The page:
Four months have now passed since Donald Trump first rocketed to the top of the Republican primary polls, and he still hasn’t come down — despite all the dismissive media coverage, a challenge from fellow outsider-candidate Ben Carson, and a stunning array of gaffes and false claims.
There’s still time for his high-flying wings to melt, especially with Republican Party insiders talking about an anti-Trump “guerilla campaign.” But Trump’s surprisingly durable success is starting to flip expectations. While only months ago many wondered if Trump could really win, now the question many are asking is “How could he not?”
What is the case for Trump’s inevitability?
It starts with his unassailable position atop the polls.
Since July, Trump has led nearly every national poll by an average of 11 points. That lead is about to get even stronger now that Ben Carson’s short-lived challenge is souring. Several recent polls show Trump with a 20-point advantage over the scrum of second-tier rivals, currently headed by Ted Cruz and Marco Rubio.
There are times when top-line poll numbers like these can actually hide signs of weakness, like if Trump’s supporters were all located in one part of the country or one demographic group. But that doesn’t seem to be the case with Trump, who’s popular with a broad array of Republican voters, including men and women, the young and old, the lower income and middle class. What’s more, his national appeal translates seamlessly to the state level, giving him a slim advantage over Cruz in Iowa and wider advantages over opponents in the other key early states like New Hampshire and South Carolina.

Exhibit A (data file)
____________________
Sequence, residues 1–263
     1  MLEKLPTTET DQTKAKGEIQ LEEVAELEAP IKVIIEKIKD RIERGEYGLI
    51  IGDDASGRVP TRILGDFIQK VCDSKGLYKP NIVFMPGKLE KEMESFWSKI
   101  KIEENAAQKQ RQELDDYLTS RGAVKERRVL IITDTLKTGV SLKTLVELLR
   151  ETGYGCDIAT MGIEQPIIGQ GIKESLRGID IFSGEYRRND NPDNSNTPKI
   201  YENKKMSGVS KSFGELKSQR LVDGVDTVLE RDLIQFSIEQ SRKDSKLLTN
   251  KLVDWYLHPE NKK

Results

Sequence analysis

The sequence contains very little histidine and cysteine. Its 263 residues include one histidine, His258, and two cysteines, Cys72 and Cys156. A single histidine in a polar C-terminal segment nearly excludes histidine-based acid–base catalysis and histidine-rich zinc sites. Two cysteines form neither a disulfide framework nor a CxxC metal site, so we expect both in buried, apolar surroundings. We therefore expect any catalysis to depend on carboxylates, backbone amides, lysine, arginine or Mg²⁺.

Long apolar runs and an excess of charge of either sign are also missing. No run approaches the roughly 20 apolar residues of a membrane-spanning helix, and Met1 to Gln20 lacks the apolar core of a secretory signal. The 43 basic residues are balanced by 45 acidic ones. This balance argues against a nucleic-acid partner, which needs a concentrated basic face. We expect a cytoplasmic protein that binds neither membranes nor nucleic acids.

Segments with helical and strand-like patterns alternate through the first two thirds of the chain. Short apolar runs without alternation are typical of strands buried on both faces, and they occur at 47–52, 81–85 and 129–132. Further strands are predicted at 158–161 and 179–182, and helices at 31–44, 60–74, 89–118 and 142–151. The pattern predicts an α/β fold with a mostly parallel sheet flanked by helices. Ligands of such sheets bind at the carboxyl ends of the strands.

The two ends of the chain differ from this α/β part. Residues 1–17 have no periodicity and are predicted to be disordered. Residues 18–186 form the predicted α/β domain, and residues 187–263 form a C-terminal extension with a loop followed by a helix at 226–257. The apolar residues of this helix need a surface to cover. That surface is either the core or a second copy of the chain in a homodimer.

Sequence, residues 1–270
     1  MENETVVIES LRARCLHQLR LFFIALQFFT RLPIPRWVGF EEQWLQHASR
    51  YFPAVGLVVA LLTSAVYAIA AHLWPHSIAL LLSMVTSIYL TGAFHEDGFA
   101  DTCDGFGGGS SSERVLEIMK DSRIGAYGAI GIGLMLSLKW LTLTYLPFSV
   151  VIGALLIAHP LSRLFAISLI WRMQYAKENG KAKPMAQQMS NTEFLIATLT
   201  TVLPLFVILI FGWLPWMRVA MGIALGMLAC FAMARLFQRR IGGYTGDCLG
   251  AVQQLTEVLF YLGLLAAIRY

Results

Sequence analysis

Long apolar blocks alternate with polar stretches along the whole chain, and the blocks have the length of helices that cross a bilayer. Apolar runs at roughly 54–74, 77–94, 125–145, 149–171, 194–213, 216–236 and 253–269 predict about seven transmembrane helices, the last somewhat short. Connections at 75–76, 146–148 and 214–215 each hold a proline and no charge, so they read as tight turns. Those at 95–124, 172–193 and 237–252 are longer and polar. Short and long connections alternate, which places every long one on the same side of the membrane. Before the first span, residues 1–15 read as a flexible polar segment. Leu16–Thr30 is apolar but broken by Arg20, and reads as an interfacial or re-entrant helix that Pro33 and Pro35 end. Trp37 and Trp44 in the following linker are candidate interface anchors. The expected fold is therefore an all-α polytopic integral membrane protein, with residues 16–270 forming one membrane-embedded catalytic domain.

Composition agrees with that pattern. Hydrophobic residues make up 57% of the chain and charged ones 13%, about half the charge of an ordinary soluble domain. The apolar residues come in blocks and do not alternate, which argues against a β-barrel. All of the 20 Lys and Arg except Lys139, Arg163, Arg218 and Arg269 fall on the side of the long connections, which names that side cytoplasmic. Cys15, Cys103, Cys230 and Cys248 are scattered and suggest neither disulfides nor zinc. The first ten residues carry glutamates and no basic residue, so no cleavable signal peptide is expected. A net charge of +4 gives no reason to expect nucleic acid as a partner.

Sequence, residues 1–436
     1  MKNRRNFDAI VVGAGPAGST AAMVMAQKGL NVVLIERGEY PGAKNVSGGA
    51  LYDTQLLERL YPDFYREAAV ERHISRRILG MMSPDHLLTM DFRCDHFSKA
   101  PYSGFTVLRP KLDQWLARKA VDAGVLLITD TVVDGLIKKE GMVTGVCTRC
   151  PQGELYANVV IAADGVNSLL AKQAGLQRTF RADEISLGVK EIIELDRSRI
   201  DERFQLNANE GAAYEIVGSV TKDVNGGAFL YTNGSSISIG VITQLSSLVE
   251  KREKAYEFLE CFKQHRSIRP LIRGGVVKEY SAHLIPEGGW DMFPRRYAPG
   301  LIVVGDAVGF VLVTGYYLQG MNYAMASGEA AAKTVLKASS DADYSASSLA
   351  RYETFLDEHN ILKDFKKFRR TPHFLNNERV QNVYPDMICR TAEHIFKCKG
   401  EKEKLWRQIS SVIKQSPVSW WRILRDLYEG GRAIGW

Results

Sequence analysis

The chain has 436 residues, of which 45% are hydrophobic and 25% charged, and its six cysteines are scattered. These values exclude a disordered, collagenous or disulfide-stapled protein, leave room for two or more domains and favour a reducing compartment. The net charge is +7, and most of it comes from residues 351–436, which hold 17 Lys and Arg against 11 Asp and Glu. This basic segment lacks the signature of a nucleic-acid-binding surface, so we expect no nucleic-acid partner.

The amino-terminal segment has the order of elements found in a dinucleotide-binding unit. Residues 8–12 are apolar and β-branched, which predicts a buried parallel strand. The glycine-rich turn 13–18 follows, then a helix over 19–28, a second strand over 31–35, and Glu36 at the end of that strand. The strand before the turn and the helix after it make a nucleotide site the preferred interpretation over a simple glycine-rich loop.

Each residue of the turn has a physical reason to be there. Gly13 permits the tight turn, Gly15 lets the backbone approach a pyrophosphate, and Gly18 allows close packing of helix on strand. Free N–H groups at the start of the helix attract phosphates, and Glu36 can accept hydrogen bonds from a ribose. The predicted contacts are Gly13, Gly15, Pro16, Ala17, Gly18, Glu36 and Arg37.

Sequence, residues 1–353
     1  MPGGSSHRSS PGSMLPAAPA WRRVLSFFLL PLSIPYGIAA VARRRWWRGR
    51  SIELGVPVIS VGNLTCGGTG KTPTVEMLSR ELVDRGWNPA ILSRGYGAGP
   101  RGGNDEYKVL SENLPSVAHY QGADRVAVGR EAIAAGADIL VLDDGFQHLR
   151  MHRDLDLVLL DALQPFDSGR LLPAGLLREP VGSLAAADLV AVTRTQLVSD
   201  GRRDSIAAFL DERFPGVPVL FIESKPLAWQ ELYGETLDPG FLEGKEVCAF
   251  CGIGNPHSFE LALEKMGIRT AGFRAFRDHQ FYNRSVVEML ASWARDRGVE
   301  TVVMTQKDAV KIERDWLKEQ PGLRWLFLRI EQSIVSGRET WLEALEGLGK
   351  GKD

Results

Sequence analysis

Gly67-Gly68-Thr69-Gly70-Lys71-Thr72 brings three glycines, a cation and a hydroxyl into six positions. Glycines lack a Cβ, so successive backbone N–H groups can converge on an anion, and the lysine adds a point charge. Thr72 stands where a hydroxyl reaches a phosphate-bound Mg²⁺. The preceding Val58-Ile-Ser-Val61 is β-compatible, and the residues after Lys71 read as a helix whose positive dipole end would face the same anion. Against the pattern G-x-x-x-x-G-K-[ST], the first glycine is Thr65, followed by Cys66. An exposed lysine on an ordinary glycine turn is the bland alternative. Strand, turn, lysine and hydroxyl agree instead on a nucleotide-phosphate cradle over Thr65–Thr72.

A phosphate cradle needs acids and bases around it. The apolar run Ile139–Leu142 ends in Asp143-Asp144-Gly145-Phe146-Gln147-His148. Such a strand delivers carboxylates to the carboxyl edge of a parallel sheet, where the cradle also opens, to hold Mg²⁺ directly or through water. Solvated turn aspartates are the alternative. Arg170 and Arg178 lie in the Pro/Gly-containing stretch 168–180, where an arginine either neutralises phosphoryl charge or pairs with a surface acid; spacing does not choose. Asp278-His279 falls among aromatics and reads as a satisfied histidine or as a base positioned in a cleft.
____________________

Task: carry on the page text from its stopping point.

To top it off, Republican voters see Trump as the most electable candidate, and not as some kind of long-shot outsider. In a recent Washington Post-ABC poll, 38 percent of Republican-leaners said Trump had the best shot at being elected president; no one else came close.
Have any candidates in Trump’s position ever lost?
Presidential primaries don’t happen all that often, so there aren’t a lot of examples to choose from. But looking back over recent cases, it’s hard to find candidates who have lost after amassing a large, longstanding lead the way Trump has in the months just before primary season.
Howard Dean may be the closest example, given that he spent the last quarter of 2003 firmly atop the polls, before collapsing in the early primaries. Even then, however, Dean never looked as strong as Trump. He wasn’t on top for nearly as long, and his average advantage during that period was closer to 6 points, not 10 or 20.
The great comeback stories in modern presidential history usually don’t involve the toppling of a formidable and long-dominant front-runner.
Jimmy Carter, Bill Clinton, Michael Dukakis, and Mitt Romney all surged late to claim victory, but without a giant to slay. Carter and Clinton benefited mightily from the fact that their most popular adversaries decided not to run (Ted Kennedy in 1976 and Mario Cuomo in 1992). In Dukakis’s case, a path was cleared by the scandal engulfing Gary Hart. And Romney was always a very close second.